Figure 1.Preoperative chest radiography.
Figure 2. Preoperative chest computed tomography.
Figure 3. Intraoperative image.
Figure 4. Surgical piece.
Figure 5. Lung reexpansion.
This case is interesting to know because we did not find in the literature only one case reported, diagnosis is difficult preoperatively and it is a differential diagnosis with lobar emphysema giant t well documented.
The GSE is a rare topographic variation of the GLE. Prenatal diagnosis is rarely made ELG   . This malformation is usually revealed in the first days or months of life  -  . Indeed, the demonstrations clinics appear at birth in 33% of cases and before the age of one month in 50% of cases   . In our case, there was a misdiagnosis, the patient was treated for recurrent community-acquired pneumonia without radiological examination, hence the late discovery despite the early clinical signs. The late discovery is also related to the lack of specialized human resources in the country. Dyspnea is the most common clinical sign  . It is often gradual onset, evolving in a context of apyrexia, making evoke a malformation origin. In case of delayed diagnosis it can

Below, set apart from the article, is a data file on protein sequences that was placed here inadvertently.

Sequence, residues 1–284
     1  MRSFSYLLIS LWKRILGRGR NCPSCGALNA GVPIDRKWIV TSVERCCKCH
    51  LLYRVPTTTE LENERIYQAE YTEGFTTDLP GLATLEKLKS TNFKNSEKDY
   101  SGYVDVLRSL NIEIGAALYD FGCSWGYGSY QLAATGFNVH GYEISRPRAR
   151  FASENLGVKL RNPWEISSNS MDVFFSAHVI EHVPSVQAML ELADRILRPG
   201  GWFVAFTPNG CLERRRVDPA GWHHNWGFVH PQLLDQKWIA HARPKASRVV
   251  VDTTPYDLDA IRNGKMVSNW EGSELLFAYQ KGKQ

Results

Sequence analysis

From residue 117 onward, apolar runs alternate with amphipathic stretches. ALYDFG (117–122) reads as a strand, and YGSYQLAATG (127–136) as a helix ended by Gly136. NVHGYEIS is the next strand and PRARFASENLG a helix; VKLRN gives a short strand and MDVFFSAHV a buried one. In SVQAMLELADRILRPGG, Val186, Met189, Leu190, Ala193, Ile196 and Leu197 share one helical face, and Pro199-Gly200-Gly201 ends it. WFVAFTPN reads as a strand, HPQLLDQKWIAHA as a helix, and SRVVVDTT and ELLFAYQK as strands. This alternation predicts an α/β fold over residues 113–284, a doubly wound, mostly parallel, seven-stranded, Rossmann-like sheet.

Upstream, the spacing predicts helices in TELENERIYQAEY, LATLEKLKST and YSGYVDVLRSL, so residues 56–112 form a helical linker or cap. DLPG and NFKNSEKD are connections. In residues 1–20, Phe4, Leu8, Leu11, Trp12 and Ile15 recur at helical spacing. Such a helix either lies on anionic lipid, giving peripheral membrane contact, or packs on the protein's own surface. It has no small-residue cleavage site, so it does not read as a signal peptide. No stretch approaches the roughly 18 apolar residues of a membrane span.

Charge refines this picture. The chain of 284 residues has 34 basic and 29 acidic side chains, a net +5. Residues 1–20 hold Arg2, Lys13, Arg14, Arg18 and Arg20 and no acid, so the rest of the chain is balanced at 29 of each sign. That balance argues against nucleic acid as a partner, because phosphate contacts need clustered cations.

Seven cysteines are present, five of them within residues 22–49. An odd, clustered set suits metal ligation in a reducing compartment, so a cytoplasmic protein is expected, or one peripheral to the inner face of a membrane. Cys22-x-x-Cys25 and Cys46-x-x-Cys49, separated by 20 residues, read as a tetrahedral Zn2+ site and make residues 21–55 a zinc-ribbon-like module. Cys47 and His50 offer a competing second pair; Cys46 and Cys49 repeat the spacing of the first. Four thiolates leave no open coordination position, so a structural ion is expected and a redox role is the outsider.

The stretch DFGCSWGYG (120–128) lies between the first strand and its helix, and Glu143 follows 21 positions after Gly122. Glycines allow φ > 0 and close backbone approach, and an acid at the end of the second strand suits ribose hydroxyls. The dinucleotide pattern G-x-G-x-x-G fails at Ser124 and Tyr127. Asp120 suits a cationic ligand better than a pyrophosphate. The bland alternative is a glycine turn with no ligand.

Figure 6. Postoperative chest radio- graphy.
progress to respiratory distress by compression of adjacent structures, which can be life-threatening  . The diagnosis was suspected by chest radiography and confirmed by chest computed tomography. However the culminal seat was intraoperative diagnosis. This is explained by the importance of the distension that make difficult to identify the anatomical segmentation of the ipsilateral lung. Lung scintigraphy although is not available in our practice is an important consideration for viewing disorders of ventilation and perfusion at the lobe emphysema  . As bronchoscopy, it has an etiological and therapeutic interest but can be serious risk of increase hyperdistension. It eliminates the presence of an intra-bronchial foreign body, a mucus plug or look bronchial anomaly that may be responsible for emphysema. In this case respiratory distress has been a limit to its use. Our case is in 40% of cases where no etiology is found in the occurrence of over-distension    . A few patients of GLE have been described  -  but we found very little published in literature on this segmental topographic variation that has the same evolutionary risks. Because of the repercussions of the distended segment on mediastinum, ipsilateral and contralateral lung parenchyma, surgery appears to be the radical treatment because it helps to raise the compression    . It has the advantage of allowing anatomic resections therefore segmental parenchyma greater savings than the lobar form.
The segmental giant congenital emphysema is a topographic clinical form of the GLE with the same evolving risks and a similar support.
Conflict of Interest
 Stocker, J.T. (1994) Congenital and Developmental Diseases. In: Dail, D.H. and Hammar, S.P., Eds., Pulmonary pathology, Springer-Verlag, Berlin, 155-181.